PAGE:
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YouTube finally fights back against conspiracy theories

Each time a new national calamity occurs — which is to say, every few days for the past couple years
July 9 · Issue #160 · View online
The Interface
Each time a new national calamity occurs — which is to say, every few days for the past couple years — a peculiar playbook begins to unfold. In the absence of hard details about the event, trolls and political operatives flood social platforms with misinformation. Algorithms float some of this misinformation to the top of search results, or push it directly to users via recommendations. The press highlights the platforms’ failures in real time, wondering out loud how the world’s richest companies can’t figure out a better solution.
Today, YouTube — one of the worst offenders at pushing misinformation during crises — offered an encouraging set of new approaches. This is an unusually meaty corporate blog post, with nearly a dozen announcements packed inside. YouTube’s big idea is to add lots more contextual information about current events, while also funding more high-quality journalism.
Here are the three most important changes, as I see them:
  • “After a breaking news event, it takes time to verify, produce and publish high-quality videos. Journalists often write articles first to break the news rather than produce videos. In the coming weeks in the U.S. we will start providing a short preview of news articles in search results on YouTube that link to the full article during the initial hours of a major news event, along with a reminder that breaking and developing news can rapidly change.”
  • “Starting today, users will begin seeing information from third parties, including Wikipedia and Encyclopædia Britannica, alongside videos on a small number of well-established historical and scientific topics that have often been subject to misinformation, like the moon landing and the Oklahoma City Bombing.”
  • “We will provide funding across approximately 20 global markets to support news organizations in building sustainable video operations. Provided on an application basis to news organizations of all types, these grants will enable our partners to build key capabilities, train staff on video best practices, enhance production facilities and develop formats optimized for online video.”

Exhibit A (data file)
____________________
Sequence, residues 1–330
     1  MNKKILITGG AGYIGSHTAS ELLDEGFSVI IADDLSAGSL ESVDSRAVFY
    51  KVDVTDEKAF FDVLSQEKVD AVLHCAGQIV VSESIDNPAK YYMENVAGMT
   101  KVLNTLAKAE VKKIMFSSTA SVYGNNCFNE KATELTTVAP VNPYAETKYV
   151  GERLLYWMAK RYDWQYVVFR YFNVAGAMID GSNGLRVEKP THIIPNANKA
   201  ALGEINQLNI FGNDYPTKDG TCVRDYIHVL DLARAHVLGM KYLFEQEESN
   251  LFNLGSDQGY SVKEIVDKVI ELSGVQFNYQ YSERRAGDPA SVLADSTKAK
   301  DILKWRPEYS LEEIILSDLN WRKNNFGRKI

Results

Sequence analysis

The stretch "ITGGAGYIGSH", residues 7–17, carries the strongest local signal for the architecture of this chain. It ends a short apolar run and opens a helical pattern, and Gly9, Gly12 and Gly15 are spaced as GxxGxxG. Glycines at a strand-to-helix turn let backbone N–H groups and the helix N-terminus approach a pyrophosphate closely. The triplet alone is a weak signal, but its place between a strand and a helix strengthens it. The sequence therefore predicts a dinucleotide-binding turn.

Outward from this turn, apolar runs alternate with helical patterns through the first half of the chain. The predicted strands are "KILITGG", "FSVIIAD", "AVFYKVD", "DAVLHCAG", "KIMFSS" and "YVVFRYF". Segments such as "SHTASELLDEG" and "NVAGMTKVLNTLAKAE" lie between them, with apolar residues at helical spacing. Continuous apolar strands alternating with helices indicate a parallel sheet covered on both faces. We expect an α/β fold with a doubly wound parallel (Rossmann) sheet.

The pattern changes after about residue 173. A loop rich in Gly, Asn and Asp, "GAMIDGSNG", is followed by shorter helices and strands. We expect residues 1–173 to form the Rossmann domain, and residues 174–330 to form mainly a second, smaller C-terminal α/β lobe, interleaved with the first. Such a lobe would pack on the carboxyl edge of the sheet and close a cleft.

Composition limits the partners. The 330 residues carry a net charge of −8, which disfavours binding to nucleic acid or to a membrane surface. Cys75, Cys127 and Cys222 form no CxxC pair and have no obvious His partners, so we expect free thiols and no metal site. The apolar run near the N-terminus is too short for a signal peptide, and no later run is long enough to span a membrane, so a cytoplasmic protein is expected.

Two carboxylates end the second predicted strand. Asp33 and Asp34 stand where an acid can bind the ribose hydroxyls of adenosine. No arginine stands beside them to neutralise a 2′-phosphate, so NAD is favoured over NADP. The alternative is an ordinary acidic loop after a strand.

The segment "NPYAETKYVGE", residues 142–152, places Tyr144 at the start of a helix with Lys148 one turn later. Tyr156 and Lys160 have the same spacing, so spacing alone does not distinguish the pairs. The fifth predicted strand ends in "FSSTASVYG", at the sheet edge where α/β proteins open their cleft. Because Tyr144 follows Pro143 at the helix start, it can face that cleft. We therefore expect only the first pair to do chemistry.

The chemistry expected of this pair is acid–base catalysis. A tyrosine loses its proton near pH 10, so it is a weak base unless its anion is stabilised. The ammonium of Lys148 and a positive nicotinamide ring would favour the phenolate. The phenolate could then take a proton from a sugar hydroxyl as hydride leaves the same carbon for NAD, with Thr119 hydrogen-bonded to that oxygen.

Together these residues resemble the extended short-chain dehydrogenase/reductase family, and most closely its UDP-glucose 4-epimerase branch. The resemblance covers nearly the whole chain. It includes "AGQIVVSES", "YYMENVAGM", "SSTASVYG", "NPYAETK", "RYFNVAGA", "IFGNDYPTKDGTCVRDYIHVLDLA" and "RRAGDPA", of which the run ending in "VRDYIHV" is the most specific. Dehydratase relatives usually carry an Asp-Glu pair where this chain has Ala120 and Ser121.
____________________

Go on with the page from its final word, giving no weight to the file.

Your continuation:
These changes are encouraging because they acknowledge the realities of the modern media environment better than YouTube ever has to date. The first change acknowledges that video lags text in the wake of catastrophes, and so offers text a privileged place on a video platform. The second change acknowledges that settled historical events are often the subject of insane conspiracies, and so it surrounds those conspiracies with facts. The third change, which comes with $25 million in grants, acknowledges that video creation is expensive and difficult, and publishers need help not just in video creation but in creating sustainable businesses.
“We’re doing this because while we see the news industry changing, the importance of news is not,” Robert Kyncl, YouTube’s chief business officer, told Issie Lapowsky.
In part, what YouTube’s changes do is address what the researcher Renee DiResta calls “asymmetries of passion.” She wrote about the phenomenon last week in the context of vitamin K shots, which are crucial to infant health but have been the subject of potentially life-threatening conspiracy theories that have found a home on Google.
This is what Michael Golebiewski at Bing calls a “data void,” or search void: a situation where searching for answers about a keyword returns content produced by a niche group with a particular agenda. It isn’t just Google results—keyword voids are happening on social too. The most shared articles about vitamin K on Facebook are anti-vax, and the CrowdTangle analytics platform shows those articles are reaching an audience of millions. YouTube results are no better; several of the top 10 results feature notable immunology expert Alex Jones.
There’s an asymmetry of passion at work. Which is to say, there’s very little counter-content to surface because it simply doesn’t occur to regular people (or, in this case, actual medical experts) that there’s a need to produce counter-content. Instead, engaging blogs by real moms with adorable children living authentic natural lives rise to the top, stating that doctors are bought by pharma, or simply misinformed, and that the shot is risky and unnecessary. The persuasive writing sounds reasonable, worthy of a second look. And since so much of the information on the first few pages of search results repeats these claims, the message looks like it represents a widely-held point of view. But it doesn’t. It’s wrong, it’s dangerous, and it’s potentially deadly.
YouTube’s announcements today will begin to plug those data voids, and I’m optimistic that they will meaningfully improve its performance. Mostly I’m just heartened that the company seems to be belatedly coming to grips with the realities of the modern media sphere. It’s not nearly enough — but it’s a start.

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Anti-Defamation League report: White supremacist propaganda is inundating college campuses
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Twitter Plunges on Traders’ Fear That User Activity May Slow
Time capsule app Timehop suffered a July 4th data breach that affected 21 million users
Oprah, Is That You? On Social Media, the Answer Is Often No.
Snapchat code reveals team-up with Amazon for ‘Camera Search’
We need a publicly funded rival to Facebook and Google
Addressing WhatsApp's Fake News problems
And finally ...
Facebook’s program thinks Declaration of Independence is hate speech
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